“My employer has been closed for most of the lockdown and has been forced to cut staff salaries. Although I understand his predicament, it has now placed me in a situation that I can’t pay my rent. I was wondering whether the same applies to my lease agreement and whether I will be excused from paying rent because of Covid-19?”
Although, many sectors have felt the bite of the Covid-19 pandemic, the residential sector has certainly taken its share of knocks. Many tenants like you have found it difficult to pay rentals with pay-cuts, layoffs and loss of income affecting their financial stability. In turn this has affected many landlords with rental income plummeting due to non-payment and in turn affecting their ability to stay up to date with their financing.
So where does this leave tenants and landlords?
A lease agreement establishes a landlord-tenant relationship whereby the landlord provides use and enjoyment of property in return for payment of rental. Should one party breach their obligation to the other, a breach of agreement occurs entitling the innocent party to terminate the agreement.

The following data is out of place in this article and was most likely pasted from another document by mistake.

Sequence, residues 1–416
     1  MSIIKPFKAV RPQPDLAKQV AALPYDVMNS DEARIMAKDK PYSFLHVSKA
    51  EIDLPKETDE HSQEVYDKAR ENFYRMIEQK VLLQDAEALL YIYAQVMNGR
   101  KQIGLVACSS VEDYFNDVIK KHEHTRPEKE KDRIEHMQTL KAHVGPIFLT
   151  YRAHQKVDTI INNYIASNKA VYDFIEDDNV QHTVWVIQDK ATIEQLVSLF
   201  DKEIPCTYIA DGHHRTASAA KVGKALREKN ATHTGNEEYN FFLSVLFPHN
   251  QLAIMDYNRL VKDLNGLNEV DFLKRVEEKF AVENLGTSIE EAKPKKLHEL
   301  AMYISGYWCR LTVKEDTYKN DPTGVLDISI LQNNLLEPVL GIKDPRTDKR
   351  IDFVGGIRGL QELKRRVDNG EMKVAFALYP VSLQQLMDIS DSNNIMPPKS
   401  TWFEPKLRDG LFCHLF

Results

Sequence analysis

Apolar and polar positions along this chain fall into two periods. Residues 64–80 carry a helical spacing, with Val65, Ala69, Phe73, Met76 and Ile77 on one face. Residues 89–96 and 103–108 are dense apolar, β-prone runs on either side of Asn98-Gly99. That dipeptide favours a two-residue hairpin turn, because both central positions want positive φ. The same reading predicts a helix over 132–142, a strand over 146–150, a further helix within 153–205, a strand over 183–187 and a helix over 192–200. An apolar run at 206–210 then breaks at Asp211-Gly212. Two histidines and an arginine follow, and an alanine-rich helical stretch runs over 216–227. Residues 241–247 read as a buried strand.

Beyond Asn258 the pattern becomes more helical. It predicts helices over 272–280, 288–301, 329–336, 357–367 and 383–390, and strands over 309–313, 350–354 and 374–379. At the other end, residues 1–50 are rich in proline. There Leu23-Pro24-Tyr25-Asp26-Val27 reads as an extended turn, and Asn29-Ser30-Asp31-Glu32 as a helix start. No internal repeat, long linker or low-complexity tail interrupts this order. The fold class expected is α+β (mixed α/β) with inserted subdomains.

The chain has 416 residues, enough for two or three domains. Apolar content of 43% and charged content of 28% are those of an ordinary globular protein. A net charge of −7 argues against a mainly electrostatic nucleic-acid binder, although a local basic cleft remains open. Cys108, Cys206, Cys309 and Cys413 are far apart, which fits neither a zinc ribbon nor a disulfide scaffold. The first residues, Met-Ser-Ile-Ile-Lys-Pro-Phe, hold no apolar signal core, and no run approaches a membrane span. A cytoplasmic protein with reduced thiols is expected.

The question then arises, whether a situation like Covid-19 will excuse a tenant from not paying their rent and accordingly not being in breach of their obligation to pay. Here, the lease agreement itself becomes important to ascertain whether provision has been made for any circumstances under which rental payment may be postponed/delayed/waived. Some agreements, particularly in commercial lease agreements, may cater for a variety of situations that may provide respite to a tenant in respect of rental obligations. However, if the agreement is silent on any such relief which can accommodate the Covid-19 scenario and the tenant cannot prove the common law remedy of supervening impossibility because of Covid-19, then non-payment may amount to a breach of agreement.
Accordingly, if your lease agreement does not provide for any relief, and you know that you are behind/will fall behind with your rental, it is better to approach your landlord and try and negotiate a rental payment holiday or a reduction in rental. For many landlords it will also not be in their interest to now lose a good tenant and they may be open to discussing options that can help provide you relief. In turn, the landlord could also look to obtain a payment holiday from his bank or claim from his insurer for loss of income (should he have such cover) to alleviate the pressure on his side. Either way, it would be a more prudent move to approach your landlord timeously than default on your payments and risk termination of your lease.